In April’s Health Affairs, Nerenz et al., note that of lack of consensus around social risk adjustment of quality measures is becoming a concern, given the expansion of CMS’s Quality Payment Program. The inclusion of individual physicians and physician groups and other clinicians in value-based payment has raised awareness about potential biases against safety-net providers, who typically have the fewest resources, serve the most vulnerable populations, and are most likely to be penalized without appropriate risk adjustment.
The main argument against social risk adjustment contends that at-risk patients may receive lower-quality care (in general) and that adjustments may mask those disparities, as noted in a recent ASPE report. In response, the authors pose five questions to consider regarding social risk adjustment for a given measure:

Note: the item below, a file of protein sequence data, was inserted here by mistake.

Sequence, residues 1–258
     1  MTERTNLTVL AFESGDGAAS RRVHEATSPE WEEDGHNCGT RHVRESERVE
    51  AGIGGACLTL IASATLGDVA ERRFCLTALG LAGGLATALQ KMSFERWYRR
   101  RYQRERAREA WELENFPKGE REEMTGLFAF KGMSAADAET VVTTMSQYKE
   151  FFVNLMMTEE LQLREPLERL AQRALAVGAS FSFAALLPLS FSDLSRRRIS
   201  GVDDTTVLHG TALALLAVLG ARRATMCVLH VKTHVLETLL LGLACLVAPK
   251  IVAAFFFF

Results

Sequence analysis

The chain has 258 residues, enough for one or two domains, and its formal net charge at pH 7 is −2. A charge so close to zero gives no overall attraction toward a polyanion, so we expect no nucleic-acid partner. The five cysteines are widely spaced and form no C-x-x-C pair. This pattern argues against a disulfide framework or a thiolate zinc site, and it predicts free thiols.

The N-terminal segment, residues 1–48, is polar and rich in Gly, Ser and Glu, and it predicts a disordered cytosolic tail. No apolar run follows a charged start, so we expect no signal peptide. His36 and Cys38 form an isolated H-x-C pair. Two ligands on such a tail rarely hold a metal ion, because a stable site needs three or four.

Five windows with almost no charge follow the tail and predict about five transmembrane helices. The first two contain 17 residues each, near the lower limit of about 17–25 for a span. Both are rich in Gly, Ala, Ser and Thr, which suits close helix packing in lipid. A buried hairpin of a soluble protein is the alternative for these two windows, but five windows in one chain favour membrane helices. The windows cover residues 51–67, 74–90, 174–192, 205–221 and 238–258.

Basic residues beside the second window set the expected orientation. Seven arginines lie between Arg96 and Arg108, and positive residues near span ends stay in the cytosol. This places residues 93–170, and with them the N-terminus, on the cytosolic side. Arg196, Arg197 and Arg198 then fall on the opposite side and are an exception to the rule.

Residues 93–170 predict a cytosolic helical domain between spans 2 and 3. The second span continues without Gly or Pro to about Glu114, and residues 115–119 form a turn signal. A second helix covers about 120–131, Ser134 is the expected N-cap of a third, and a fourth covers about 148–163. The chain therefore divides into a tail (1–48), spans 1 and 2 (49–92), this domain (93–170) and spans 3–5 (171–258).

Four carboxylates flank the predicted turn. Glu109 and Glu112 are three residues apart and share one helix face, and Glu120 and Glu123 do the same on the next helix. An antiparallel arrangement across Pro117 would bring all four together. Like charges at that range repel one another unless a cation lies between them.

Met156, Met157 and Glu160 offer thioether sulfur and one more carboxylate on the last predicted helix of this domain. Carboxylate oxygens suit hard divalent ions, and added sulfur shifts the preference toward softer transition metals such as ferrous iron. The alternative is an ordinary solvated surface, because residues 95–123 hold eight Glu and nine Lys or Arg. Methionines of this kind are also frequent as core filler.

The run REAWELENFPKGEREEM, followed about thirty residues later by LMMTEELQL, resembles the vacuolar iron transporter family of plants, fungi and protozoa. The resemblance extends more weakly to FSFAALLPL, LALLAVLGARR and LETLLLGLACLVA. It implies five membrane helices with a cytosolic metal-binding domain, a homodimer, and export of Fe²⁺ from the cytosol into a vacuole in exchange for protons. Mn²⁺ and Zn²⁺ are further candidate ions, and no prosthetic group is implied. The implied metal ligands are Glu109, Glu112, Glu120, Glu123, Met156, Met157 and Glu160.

- Does the effect of a social risk factor reflect quality?
- Is the risk factor under the control of entities being measured?
- Are the necessary data elements available?
- Does adjustment make a difference?
- Would adjustment mask poor quality of care?
Ultimately, they determine that the key element to consider is whether risk factors primarily drive within-provider differences (those between types of patients served by the same provider) rather than between-provider differences (those between types of patients served across different providers), concluding that that social risk adjustment is an important way to avoid exacerbating health system inequity.